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Local animal rescue pleading for bolstered support to keep pace with service demands

Saving Grace Animal Society near Alix is struggling as donations and adoptions have slowed

Saving Grace Animal Society near Alix is struggling as the number of animals in distress increases while donations and adoptions have slowed.

Through the ongoing Brick by Brick Campaign, the Society has also been trying to raise funds to build a private vet clinic right next to their current shelter.

With a goal of $500,000 in place, they have so far raised $290,000 to date, but donations have come to a halt, explained Amanda McClughan, the Society’s development director.

And with the increase they are seeing in medical surrenders, their bank account is at the lowest it has been in the last year, she said, adding it’s a scary time not only for the Society but for the animals in need of help.

“We’ve had this huge increase in medical cases with a lot of animals that we are taking in lately,” she said. It’s even at the point where room for healthy animals is very tight as there are so many ill ones to provide care for.

“A lot of the animals we are then taking in have medical concerns, to the point that if we don’t take them in, it’s a life or death situation for them. Those (cases) have been at an all-time high,” she said, adding that of course the financial impact on the Society of that is huge, too.

“We’ve also noticed how donations are just lower coming in.”

In the meantime, staff has launched a Community Brick fundraiser for the month of October to encourage folks to come together to raise funds by donating any denomination.

Specifically, through the Thanks for Giving Community Brick Campaign, they hope to reach a goal of $20,000 by the end of October.

There are also some ongoing fundraisers for folks to get behind, such as the Gift of Flight raffle with WestJet.

Up for grabs is a flight, a hotel voucher and $500 cash.

“Sales for that are a lot slower then they were last year when we did it,” she said, noting the ongoing uncertainty of pandemic restrictions being a factor.

And unfortunately, a comedy night fundraiser which was planned for Nov. 6 in Lacombe had to be cancelled.

“I think that also a lot of the other rescues are in the same kind of situation,” she said, referring to the hike in demand and the drop in funding help.

“It seemed like at the beginning of this year, it was normal numbers. And at one point in the summer, it was even a slower pace. And then September hit, and the phone has not stopped ringing and the requests are coming in daily. I would say that some days, we are turning away about 20 animals,” she said.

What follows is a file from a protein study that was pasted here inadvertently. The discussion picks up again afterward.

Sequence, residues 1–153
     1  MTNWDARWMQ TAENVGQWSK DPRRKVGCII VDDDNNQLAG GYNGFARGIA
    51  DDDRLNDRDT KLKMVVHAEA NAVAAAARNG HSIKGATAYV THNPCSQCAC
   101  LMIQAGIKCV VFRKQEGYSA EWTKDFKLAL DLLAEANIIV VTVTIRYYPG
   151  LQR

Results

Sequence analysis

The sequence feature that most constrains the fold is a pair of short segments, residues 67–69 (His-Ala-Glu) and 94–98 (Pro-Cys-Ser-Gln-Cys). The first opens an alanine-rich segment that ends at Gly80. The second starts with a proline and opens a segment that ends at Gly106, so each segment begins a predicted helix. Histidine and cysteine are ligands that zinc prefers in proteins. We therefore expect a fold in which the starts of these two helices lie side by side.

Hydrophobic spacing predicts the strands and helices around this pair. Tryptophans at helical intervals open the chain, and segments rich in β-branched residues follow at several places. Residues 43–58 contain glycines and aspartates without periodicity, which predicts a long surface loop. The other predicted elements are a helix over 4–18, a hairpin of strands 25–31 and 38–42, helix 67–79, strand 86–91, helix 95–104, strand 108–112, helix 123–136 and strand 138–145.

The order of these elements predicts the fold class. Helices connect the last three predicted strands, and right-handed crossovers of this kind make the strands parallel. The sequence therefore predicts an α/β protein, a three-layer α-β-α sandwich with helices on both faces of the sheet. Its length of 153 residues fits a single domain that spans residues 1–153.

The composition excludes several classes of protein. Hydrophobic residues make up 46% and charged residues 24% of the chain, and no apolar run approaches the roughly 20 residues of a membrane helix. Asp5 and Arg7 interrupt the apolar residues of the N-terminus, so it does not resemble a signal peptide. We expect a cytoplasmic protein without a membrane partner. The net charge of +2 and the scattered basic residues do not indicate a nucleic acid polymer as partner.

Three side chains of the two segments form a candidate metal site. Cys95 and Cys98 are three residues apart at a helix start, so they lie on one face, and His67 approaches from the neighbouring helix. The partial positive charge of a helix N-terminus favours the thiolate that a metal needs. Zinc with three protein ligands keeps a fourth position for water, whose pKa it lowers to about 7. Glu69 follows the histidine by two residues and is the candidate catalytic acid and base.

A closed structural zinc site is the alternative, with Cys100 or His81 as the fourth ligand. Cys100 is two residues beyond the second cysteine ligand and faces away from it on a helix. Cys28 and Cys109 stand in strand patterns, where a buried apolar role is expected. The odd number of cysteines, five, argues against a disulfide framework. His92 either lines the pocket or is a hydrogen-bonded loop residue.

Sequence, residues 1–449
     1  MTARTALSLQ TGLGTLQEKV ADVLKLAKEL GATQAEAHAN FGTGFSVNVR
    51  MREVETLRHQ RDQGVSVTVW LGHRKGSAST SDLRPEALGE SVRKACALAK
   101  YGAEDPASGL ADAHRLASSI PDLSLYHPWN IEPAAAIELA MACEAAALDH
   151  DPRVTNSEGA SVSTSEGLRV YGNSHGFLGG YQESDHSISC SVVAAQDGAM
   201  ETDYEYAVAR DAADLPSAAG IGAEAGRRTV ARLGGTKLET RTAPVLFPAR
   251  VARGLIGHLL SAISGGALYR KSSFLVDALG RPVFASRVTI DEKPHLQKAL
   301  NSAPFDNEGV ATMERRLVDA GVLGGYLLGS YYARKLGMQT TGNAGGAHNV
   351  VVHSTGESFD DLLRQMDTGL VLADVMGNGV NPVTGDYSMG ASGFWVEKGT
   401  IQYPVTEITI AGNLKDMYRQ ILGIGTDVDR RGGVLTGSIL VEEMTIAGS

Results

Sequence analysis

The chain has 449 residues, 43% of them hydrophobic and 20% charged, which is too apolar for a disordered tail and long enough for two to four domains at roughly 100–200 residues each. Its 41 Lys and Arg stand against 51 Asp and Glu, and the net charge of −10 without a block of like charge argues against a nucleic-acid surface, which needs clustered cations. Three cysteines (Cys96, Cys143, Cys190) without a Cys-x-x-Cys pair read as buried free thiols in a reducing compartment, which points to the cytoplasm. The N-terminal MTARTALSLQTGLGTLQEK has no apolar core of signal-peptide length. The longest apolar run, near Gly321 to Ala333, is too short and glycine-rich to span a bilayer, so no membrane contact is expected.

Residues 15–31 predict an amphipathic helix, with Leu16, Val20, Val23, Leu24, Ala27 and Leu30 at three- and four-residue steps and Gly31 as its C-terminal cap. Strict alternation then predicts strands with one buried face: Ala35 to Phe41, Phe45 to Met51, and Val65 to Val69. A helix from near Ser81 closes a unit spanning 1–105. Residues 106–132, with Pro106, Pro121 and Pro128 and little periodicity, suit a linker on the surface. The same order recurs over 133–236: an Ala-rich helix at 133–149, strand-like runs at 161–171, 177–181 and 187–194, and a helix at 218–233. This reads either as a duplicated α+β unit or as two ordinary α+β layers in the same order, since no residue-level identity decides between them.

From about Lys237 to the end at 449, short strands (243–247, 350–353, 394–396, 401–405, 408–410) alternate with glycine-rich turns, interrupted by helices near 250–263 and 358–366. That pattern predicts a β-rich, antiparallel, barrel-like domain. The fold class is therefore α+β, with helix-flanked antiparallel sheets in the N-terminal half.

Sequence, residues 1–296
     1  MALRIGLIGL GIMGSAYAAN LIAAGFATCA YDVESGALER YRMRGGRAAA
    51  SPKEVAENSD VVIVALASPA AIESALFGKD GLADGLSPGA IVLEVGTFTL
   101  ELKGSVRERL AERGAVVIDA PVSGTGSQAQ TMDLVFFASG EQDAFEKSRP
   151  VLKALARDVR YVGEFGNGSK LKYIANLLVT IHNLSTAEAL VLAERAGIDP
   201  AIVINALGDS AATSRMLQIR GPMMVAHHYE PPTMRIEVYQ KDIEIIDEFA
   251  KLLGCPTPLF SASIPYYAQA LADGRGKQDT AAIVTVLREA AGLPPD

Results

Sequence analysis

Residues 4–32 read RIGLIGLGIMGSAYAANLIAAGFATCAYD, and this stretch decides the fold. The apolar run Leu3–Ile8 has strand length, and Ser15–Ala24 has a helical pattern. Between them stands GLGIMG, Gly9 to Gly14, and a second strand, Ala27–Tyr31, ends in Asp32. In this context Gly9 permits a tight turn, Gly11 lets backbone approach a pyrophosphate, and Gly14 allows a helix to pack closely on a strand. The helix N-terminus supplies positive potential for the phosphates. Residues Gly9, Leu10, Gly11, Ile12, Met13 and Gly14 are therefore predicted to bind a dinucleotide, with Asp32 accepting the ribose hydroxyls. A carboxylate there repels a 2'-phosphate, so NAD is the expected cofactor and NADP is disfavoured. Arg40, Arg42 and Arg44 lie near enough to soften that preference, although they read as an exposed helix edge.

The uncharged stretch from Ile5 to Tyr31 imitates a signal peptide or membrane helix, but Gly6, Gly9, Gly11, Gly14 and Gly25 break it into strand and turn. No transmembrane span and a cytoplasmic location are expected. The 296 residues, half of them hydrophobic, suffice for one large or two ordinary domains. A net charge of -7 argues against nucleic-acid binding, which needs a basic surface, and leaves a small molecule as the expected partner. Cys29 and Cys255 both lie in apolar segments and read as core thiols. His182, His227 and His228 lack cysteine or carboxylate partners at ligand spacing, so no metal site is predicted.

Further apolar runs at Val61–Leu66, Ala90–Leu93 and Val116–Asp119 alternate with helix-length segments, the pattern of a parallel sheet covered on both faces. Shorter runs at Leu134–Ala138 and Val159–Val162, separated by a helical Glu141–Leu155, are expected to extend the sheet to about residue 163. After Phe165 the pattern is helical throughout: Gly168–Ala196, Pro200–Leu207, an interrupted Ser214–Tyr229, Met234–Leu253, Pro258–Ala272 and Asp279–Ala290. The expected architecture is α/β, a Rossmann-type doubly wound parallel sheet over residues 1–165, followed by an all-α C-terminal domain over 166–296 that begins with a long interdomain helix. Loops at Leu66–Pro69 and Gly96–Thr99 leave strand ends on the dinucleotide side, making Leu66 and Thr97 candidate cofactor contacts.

She also explained that there is a rise in the number of neglected animals coming in as well.

“A lot of the animals we are getting in are cases where they have had something happen and they haven’t been helped.

“So the situation has progressed to a point where it’s now a severe medical case instead of something that could have been simply treated had it been caught right when it happened.”

McClughan said the need for the new vet clinic is more urgent than ever as the rescue is heading to vet clinics multiple times a week and their partner vet is no longer able to keep up with the demand as its grown so significantly.

Those interesting in offering support can go to www.savinggracecanada.com/store/thanks or www.savinggracecanada.com/store/brickbybrick.

The rescue is also continually looking for businesses and sponsors to partner up with.

Those interested in doing so are asked to contact McClughan at amanda@savinggraceanimalsociety.com.

Founded in 2018, Saving Grace Animal Society operates the shelter in Alix as well as an off-site sanctuary for the rescue and recovery of animals of all sizes.

The Society also works with trainers, veterinary staff and volunteers to rehabilitate animals to ensure every animal receives a ‘saving grace’ and an opportunity for a new home and life filled with love.

With more than 3,000 adoptions and 15 major rescue missions to date, the Society relies solely on a donation-based operating budget.

And its services don’t just take in the immediate area – since its inception, Saving Grace has been the ‘go-to society’ for 24-7 emergency calls, rescuing animals from all over Alberta and into Saskatchewan.

 

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